The chief result of the musical deliberations at Synod 2012 was that the URCNA approved the proposal to merge efforts with the OPC.  First the URC’s Songbook Committee would work together with the OPC’s committee to adapt the psalm section the OPC had already almost completed; then the Hymn Proposal would be revisited.  Cognizant of the significant concerns expressed via the overtures to Synod 2012, Songbook Committee chairman Rev. Derrick Vander Meulen assured members in an October 2012 report that “this final hymn collection submitted to synod will be quite different from the Hymn Proposal previously distributed.”  In November 2012, reporting on their progress in compiling a Psalm Proposal, the Committee noted that it was “especially sensitive to maintain important continuity with the blue Psalter Hymnal.”  This desire to remain faithful to our churches’ rich heritage of psalmody and hymnody has remained evident in all of the Songbook Committee’s most recent communications to the churches.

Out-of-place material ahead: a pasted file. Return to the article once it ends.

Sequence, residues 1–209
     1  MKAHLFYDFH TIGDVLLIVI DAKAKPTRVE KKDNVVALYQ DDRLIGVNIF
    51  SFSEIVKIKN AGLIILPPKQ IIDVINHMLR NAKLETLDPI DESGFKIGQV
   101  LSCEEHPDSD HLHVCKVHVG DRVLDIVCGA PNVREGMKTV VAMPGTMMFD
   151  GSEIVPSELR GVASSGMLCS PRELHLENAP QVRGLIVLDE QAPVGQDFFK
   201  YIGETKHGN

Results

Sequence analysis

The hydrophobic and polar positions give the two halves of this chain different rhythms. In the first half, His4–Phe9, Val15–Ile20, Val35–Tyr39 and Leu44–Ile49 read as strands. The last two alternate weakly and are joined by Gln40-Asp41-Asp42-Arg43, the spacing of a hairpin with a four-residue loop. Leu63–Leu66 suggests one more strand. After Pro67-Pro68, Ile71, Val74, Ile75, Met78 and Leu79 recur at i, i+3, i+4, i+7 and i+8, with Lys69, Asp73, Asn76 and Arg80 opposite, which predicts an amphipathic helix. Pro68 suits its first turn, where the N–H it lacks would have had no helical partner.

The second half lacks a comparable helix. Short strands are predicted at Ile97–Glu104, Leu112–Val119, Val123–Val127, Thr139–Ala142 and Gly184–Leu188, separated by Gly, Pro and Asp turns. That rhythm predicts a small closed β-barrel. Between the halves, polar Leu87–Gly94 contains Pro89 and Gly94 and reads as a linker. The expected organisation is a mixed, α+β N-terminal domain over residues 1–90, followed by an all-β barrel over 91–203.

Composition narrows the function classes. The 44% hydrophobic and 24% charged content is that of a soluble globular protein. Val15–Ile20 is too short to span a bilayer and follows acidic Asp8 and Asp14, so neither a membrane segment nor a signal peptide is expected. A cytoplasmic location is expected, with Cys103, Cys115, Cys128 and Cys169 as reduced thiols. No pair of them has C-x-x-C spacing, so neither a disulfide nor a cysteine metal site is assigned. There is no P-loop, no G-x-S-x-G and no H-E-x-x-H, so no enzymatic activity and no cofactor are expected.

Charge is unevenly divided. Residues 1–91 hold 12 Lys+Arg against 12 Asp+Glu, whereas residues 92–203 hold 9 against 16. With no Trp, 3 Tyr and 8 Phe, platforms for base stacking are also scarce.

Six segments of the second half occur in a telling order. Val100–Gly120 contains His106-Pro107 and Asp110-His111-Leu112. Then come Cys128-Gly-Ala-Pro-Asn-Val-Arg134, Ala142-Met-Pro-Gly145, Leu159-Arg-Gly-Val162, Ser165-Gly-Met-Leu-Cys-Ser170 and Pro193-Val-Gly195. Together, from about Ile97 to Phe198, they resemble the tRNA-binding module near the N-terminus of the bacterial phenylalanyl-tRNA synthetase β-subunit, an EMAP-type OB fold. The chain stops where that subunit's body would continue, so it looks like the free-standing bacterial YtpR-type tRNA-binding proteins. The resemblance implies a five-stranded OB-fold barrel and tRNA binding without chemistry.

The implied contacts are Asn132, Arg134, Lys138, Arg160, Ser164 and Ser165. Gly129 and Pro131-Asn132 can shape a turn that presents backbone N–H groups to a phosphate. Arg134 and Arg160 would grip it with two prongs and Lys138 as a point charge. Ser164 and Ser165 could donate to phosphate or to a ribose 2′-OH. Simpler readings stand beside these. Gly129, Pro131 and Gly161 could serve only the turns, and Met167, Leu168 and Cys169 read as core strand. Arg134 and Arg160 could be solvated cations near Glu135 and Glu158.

This brief historical rundown brings us to the current status of the project.  After the OPC’s General Assembly met in June of 2013, the two Songbook Committees released a digital version of the complete Psalm Proposal at a website specifically created for the purpose,  Shortly thereafter, the URC Songbook Committee sent a letter to the consistories of all United Reformed congregations announcing the availability of this website for any interested church members.

This is an excellent step forward, but I have some concerns as well.